On April 20, the 6th Circuit held that the “cat’s paw” theory of liability applies to FMLA retaliation claims. In Marshall v. Rawlings, an employee was fired after using FMLA leave for mental health issues. The employee alleged that two lower-level supervisors exhibited bias against her because she had taken approved medical leave. After she returned from the leave, the two supervisors allegedly influenced the decision to demote her and ultimately terminate her. The employee sued for FMLA retaliation, ADA discrimination, FMLA interference and intentional infliction of emotional distress.
The “cat’s paw” theory of liability acknowledges that a biased lower-level supervisor, without decision-making power, may influence a decision-maker, which may result in a discriminatory employment action. The 6th Circuit has applied the “cat’s paw” theory in a variety of discrimination cases but has never expressly determined that it applies to FMLA retaliation cases.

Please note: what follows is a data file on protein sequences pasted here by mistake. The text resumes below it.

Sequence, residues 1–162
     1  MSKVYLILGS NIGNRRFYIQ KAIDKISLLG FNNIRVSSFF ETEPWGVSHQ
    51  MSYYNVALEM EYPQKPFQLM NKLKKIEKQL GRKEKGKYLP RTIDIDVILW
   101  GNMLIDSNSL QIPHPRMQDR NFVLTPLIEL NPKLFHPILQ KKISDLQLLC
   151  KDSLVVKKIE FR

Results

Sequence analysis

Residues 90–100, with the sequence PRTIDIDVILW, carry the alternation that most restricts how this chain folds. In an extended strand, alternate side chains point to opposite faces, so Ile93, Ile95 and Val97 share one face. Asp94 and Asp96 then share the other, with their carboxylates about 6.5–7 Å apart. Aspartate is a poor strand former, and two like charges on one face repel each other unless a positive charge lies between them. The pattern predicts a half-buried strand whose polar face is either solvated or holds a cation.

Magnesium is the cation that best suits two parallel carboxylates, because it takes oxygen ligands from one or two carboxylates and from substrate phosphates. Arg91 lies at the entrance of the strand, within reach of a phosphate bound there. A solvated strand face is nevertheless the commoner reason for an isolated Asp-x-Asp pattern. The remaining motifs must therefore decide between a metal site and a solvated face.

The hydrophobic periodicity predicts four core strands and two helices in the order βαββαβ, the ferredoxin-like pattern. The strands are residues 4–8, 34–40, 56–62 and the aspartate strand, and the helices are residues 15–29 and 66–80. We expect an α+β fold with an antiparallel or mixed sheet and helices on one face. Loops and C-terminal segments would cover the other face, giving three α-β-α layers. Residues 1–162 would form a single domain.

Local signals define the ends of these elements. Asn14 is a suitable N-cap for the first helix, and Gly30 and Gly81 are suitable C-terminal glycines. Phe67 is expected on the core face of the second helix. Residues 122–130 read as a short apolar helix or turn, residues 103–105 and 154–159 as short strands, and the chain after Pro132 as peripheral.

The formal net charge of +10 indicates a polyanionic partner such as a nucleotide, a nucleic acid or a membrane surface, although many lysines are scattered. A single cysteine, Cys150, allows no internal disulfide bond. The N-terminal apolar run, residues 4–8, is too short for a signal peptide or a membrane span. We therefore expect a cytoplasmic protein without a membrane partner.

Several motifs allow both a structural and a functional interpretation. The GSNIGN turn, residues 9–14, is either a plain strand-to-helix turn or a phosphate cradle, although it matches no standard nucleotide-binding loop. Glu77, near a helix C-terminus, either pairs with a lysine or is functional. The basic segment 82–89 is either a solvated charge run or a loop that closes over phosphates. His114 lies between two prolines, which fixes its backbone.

Now, the 6th Circuit has determined that:
- The “cat’s paw” theory of liability applies even in cases with multiple layers of supervision between the employee and the decision-maker.
- An employee who pursues an FMLA retaliation claim under a “cat’s paw” theory must prove that the decision-maker was the “cat’s paw” of the biased lower-level supervisor.
- The honest-belief rule is not applicable in “cat’s paw” cases because the honesty of the decision-maker’s belief is not relevant to the issue of whether a biased lower-level supervisor intentionally manipulated the decision-maker.
An employer can still avoid liability if it can show that the decision-maker conducted an independent investigation and determined that the adverse action was justified. It is imperative that the decision-maker document why adverse action is warranted independent of the subordinate’s recommendation.